Accordingly, the players need to generate 1st level characters. I’ve decided to use the random method of stat generation, which is rolling 4d6 and adding the best 3 dice together to form six ability scores, followed by the player assigning them to the ability scores any way they want. As a fallback, if the whims of Fate hand a player horrid bad luck and a hand of awful scores, they can choose to take the default score set listed in the book (15, 14, 13, 12, 10, 8) instead of the rolls. I still kind of like the slight uncertainty of randomness, but this method at least removes the chance of being stuck with an unfun set of scores.

Anyway, today several of the players rolled their stats. Mostly they were a decent spread of scores. But one player managed to roll: 12, 12, 12, 11, 12, 12.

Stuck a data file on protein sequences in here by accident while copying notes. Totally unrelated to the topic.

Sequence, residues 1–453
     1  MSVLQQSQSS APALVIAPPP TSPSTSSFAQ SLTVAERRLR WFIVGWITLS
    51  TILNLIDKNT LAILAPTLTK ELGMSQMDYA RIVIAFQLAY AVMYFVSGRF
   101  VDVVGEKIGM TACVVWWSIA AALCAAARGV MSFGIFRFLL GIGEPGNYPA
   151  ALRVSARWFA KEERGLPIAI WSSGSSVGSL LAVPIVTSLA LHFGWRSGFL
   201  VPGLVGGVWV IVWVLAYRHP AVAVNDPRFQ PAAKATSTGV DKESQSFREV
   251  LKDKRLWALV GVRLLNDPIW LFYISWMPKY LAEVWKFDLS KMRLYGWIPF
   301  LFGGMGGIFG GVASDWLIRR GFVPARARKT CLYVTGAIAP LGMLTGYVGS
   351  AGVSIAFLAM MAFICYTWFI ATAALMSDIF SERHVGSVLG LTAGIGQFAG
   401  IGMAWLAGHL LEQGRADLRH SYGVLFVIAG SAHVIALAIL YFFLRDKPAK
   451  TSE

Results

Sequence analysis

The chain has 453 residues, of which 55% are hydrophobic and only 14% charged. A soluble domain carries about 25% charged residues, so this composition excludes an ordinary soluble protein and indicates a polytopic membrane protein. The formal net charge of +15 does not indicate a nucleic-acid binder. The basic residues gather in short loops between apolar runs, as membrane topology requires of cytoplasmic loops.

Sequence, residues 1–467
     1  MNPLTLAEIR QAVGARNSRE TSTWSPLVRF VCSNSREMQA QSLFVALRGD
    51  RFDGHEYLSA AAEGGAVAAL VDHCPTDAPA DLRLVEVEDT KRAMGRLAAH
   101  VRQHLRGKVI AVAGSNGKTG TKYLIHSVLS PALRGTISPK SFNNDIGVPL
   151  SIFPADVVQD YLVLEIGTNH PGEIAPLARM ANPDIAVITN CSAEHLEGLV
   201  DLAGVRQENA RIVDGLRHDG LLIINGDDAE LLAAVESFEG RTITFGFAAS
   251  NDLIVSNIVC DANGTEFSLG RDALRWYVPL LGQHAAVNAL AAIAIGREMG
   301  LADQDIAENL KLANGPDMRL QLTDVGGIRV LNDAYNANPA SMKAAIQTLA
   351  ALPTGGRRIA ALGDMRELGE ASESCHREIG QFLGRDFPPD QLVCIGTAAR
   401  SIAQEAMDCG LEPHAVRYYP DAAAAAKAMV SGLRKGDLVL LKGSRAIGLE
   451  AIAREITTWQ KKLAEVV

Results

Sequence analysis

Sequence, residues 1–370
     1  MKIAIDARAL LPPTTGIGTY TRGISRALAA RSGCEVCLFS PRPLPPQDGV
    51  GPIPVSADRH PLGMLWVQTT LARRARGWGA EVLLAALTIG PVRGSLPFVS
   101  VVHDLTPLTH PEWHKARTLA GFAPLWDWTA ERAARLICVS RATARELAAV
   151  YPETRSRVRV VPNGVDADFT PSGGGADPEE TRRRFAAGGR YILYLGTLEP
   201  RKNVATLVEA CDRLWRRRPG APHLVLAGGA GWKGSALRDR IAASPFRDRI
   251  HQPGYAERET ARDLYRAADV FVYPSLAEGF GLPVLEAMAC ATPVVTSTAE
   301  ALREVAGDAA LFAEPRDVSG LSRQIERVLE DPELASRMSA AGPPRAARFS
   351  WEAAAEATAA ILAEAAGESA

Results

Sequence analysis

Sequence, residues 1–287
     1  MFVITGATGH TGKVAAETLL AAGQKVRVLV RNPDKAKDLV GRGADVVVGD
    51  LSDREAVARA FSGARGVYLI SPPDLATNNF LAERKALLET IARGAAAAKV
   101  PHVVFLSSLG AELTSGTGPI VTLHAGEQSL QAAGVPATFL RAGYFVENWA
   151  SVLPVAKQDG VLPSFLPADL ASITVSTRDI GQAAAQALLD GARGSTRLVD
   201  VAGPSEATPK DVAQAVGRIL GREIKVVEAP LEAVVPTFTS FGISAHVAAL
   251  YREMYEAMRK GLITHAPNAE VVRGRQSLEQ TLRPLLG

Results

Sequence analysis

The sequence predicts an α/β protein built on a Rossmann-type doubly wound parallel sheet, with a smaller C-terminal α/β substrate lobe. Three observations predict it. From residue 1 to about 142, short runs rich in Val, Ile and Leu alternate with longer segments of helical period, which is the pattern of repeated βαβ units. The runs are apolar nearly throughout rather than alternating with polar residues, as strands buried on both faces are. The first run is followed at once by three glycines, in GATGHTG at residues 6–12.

Now, adventurers are above average individuals, and the best 3 of 4d6 method is designed to generate above average scores. Average is nominally the result of a straight 3d6, which has an average score of 10.5. So five 12s and an 11 is actually above average in every single ability score.

While the player was lamenting his luck and trying to decide whether or not to fall back to the default score set, another player came up with the following backstory:

You come from a small village. While growing up, you realised that you were naturally better at everything than anyone else in your village! You were stronger, faster, more athletic, healthier, smarter, wiser, and everyone loved you. Any task you tried your hand at, you quickly mastered and could outperform your teacher. So, you decided you were made to be… an adventurer!